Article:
• After the End: While The Giver implies that the world "evolved" for lack of a better term, into Sameness, its sequel Gathering Blue shows that the world takes place after a major upheaval known as the The Ruin.
  • American Civil War: One of the memories Jonas receives seems is implied to be set in this period considering that soldiers are wearing grey uniforms and horses are running amok. Having grown up in the peaceful Community, he suffers a Heroic BSOD after witnessing the horrors of war.
  • Assimilation Plot: Has already occurred in the distant past. "Sameness" is a concept that is central to the functioning of the utopia. Everyone is so similar that even the ability to see color is not allowed.
  • Baby Factory: Girls are selected at the age of twelve to begin training as Birthmothers, producing offspring for the Community that are immediately taken away. Once they meet their quota, Birthmothers spend the rest of their lives as factory labourers.
  • Beautiful Void: All we know about the background is that people got sick of unique differences and pains and got rid of them somehow. And something about infanticide.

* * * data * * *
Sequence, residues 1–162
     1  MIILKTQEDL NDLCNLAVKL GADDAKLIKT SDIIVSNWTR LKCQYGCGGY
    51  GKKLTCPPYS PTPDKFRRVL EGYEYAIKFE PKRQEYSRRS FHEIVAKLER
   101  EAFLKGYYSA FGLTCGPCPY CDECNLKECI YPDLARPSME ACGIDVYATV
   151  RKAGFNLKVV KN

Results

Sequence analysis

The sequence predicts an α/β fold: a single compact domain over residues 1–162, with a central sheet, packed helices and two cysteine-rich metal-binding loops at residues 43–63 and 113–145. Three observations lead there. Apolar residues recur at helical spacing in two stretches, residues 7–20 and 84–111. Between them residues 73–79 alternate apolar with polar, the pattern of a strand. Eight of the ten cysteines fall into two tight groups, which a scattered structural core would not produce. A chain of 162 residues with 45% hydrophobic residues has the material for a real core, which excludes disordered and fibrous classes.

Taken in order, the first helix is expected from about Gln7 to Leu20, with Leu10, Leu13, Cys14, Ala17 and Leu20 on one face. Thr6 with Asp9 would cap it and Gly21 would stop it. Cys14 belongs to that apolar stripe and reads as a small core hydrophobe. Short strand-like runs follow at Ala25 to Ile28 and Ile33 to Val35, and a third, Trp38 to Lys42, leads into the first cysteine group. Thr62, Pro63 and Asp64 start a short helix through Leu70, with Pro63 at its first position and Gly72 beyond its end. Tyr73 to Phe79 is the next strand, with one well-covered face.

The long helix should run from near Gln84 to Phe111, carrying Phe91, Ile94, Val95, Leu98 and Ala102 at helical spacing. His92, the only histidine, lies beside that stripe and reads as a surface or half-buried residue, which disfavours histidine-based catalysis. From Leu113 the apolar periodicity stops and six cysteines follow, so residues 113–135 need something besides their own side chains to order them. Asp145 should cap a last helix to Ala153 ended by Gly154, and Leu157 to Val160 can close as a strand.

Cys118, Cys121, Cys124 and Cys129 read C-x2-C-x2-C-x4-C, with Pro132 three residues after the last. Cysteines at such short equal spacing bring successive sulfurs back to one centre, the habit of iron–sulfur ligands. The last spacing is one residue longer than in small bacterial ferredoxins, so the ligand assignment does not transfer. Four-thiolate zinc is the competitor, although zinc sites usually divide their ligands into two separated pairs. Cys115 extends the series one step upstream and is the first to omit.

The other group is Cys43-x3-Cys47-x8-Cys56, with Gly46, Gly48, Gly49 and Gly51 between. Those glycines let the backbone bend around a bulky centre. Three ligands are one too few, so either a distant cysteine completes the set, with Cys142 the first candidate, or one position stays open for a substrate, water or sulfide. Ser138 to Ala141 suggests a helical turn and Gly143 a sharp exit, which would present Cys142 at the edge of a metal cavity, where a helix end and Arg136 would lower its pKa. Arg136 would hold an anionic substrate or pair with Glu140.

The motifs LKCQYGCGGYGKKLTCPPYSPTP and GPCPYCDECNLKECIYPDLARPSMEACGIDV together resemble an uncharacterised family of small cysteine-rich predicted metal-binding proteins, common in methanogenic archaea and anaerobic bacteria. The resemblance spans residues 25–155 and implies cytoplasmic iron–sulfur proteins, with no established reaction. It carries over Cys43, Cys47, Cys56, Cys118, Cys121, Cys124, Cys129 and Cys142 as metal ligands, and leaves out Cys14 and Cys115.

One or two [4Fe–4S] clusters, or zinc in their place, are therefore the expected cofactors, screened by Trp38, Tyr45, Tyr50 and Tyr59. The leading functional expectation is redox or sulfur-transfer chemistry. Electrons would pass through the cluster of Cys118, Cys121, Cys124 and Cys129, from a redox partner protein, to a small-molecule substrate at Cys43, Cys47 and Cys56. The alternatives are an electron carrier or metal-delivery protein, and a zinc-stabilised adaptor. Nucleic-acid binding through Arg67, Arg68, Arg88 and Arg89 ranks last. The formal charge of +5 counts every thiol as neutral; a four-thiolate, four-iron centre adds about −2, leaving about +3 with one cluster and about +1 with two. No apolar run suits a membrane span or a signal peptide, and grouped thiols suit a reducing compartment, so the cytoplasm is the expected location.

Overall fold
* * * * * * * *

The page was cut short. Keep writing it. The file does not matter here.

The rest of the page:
• Best For Last: When all the people becoming adults are receiving their careers, Jonas appears to be skipped. At the end of the ceremony, they announce that he's to be given the most important job of all.
  • Biblical Motifs: A bit subtler than most examples, but they're still there. Two of the central characters are named after an Old Testament prophet and an angel, respectively, and the plot starts with an incident with an apple that foreshadows a loss of innocence. The Community, a utopia without any knowledge of good or evil, undergoes a major upheaval after this knowledge is passed on to them. Unlike the Biblical example, however, Messenger implies that they get better.
  • Bureaucratically Arranged Marriage: All couples are arranged this way, although, in this case, some mention is made of how couples are arranged so that the people involved complement each other and work well together, though it's still loveless and sexless.